Tech Success: Hackers exploit Web apps

TechSuccess: IT solutions in action

Problem: Web applications can introduce a major security vulnerability into an organization's IT systems.

Solution: Tools that are similar to network scanner can find and scan
Web applications and find possible security vulnerabilities.

Payoff: Private data and back-end systems are protected when security holes in applications are found and repaired.

Interacting with government agencies via the Web, for everything from finding answers to tax questions to paying a bill, is becoming the main conduit between citizens and bureaucrats.

But imagine using a Web-based form on a government site to steal data rather than gather it. Instead of filling out the form as intended, a hacker could enter a Structured Query Language question, which searches the databases behind a Web application and delivers confidential data to the hacker.

"It's a way of stealing data and information that was thought to be protected, but it really isn't," said Michael Weider, chief technology officer for Watchfire Corp., a Waltham, Mass., provider of Web application security technology. "The reason why this works is because the developer who created that Web form never thought that anybody would ever try this hacking method. But lo and behold, it does work."

As government agencies continue to rely increasingly on the Internet, security around Web applications is fast becoming one of the most critical issues that federal IT departments face, experts said. Tools are available to secure sites and those under development against this growing threat.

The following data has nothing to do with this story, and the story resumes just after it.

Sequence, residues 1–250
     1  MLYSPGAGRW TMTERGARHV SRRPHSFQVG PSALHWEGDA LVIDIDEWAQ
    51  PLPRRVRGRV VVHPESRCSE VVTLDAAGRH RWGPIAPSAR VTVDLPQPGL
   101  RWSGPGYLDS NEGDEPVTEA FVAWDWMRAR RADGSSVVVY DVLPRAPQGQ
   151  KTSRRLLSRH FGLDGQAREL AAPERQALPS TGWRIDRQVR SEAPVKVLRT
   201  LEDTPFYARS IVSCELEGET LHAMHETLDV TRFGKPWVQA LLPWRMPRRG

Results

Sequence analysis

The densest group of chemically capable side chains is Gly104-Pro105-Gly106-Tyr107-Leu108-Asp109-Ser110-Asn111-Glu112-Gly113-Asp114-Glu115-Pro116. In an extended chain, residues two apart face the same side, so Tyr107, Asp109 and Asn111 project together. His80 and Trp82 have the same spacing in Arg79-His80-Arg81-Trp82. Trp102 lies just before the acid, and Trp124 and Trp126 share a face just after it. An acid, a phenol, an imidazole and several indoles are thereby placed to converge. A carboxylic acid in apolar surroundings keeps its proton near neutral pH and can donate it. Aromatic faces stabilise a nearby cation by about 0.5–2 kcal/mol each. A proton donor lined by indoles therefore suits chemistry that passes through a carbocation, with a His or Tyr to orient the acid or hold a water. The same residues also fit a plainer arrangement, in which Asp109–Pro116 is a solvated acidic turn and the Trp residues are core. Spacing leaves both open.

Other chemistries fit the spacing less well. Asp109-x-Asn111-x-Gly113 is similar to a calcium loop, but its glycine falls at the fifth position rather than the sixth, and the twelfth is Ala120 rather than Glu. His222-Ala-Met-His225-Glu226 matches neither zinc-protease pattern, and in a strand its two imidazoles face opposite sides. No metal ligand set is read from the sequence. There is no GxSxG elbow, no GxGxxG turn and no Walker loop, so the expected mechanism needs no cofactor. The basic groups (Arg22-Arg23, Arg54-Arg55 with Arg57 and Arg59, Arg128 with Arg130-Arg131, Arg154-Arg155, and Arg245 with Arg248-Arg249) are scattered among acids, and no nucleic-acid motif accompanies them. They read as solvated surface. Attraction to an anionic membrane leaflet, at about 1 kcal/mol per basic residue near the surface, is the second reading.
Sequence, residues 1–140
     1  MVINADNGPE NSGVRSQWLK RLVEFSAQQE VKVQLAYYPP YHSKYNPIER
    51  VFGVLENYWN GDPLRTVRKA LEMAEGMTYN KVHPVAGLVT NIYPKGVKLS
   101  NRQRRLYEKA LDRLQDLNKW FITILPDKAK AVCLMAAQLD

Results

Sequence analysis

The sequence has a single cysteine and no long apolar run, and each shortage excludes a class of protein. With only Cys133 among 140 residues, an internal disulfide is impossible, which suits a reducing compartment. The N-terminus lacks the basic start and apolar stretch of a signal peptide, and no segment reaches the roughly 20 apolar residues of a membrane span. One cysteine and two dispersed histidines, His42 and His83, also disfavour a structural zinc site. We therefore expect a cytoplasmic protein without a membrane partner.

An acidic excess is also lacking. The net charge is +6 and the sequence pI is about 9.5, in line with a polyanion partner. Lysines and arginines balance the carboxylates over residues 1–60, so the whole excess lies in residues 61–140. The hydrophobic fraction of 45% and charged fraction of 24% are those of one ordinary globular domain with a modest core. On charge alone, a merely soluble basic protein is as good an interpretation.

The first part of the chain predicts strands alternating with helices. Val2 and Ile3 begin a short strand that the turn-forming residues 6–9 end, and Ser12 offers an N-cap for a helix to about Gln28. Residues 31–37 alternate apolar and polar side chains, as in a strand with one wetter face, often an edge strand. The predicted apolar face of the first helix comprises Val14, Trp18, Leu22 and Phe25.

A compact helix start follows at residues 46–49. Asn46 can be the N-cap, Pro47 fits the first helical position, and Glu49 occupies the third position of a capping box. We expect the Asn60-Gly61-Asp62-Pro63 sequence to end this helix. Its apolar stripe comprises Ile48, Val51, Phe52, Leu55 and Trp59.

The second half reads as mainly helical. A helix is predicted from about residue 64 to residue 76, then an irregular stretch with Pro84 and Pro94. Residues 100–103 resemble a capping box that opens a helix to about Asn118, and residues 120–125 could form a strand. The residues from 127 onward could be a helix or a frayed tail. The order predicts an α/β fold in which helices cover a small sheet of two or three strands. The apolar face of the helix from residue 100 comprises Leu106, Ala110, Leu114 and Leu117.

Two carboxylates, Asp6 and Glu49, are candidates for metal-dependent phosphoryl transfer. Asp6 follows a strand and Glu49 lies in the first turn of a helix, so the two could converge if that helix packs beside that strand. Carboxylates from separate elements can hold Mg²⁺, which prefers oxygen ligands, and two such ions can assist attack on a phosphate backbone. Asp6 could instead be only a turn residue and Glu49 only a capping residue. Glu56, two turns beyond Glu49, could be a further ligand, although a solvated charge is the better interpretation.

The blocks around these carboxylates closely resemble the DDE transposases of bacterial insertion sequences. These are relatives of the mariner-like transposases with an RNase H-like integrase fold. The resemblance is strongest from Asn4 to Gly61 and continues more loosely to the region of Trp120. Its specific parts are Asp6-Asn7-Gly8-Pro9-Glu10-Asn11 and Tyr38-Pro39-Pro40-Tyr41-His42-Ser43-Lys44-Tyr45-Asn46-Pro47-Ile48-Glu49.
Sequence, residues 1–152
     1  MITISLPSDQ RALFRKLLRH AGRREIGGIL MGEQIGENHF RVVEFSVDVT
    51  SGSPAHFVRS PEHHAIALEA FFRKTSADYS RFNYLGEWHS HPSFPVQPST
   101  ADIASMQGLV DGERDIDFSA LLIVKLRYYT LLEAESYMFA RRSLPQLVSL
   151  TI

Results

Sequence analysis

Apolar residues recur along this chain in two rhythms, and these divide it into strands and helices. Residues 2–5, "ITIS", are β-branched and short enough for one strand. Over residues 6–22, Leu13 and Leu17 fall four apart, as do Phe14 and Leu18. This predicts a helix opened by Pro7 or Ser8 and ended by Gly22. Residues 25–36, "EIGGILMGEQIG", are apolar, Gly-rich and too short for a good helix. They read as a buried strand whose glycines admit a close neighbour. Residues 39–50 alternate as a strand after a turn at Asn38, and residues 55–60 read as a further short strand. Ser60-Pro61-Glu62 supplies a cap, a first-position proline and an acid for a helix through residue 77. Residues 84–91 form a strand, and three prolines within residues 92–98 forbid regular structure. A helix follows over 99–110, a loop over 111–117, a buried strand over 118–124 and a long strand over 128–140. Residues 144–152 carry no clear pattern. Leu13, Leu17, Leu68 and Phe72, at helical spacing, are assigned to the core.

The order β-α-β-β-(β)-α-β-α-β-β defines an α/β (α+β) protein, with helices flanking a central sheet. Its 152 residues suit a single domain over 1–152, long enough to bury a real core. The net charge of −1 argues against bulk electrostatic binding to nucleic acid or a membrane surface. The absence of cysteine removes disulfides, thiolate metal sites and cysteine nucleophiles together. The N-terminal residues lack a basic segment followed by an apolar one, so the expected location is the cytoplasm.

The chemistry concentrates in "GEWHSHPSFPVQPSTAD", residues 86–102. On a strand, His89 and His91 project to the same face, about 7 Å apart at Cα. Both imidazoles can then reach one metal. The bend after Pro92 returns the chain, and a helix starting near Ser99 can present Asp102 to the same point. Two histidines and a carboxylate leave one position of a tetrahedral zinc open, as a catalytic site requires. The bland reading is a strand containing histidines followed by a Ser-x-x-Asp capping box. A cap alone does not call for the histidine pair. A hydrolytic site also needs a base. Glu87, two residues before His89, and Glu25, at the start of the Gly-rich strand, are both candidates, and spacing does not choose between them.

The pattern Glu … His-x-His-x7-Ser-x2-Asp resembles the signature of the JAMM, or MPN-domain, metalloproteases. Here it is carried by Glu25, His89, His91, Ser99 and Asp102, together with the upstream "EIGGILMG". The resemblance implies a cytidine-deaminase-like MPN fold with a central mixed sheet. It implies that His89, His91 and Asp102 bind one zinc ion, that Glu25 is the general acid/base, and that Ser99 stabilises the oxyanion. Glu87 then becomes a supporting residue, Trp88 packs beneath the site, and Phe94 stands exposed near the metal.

The Open Web Application Security Project, a community focused on finding and fighting causes of insecure software, said invalid input is one of the most critical Web application vulnerabilities. Invalid input is information from a Web request that is not validated before the application uses it. Hackers use the flaw to attack back-end components, the group said.

When most security issues focused on networks, organizations deployed firewalls and other technologies to defend against attacks. The idea was to build an effective perimeter around an organization's infrastructure, not to worry about what was going on inside that perimeter.

The Web changed all that. A perimeter defense becomes ineffective when people outside an organization can interact directly with databases and applications inside it.

"Because your actual applications are publicly available to everybody out there on the Web, they are an enormous security issue," Weider said.

Some industry experts estimate that as much as 75 percent of the attacks on an organization's computer systems are focused on applications rather than networks. That's likely the case because hackers know that organizations have focused on network security and are now trying to improve Web application security.

The financial services industry was among the earliest adopters of Web application security measures to protect applications such as paying bills and online banking. Other industries and government agencies are catching up, said Erik Peterson, vice president of product management at Atlanta-based SPI Dynamics Inc., a Web application security technology company.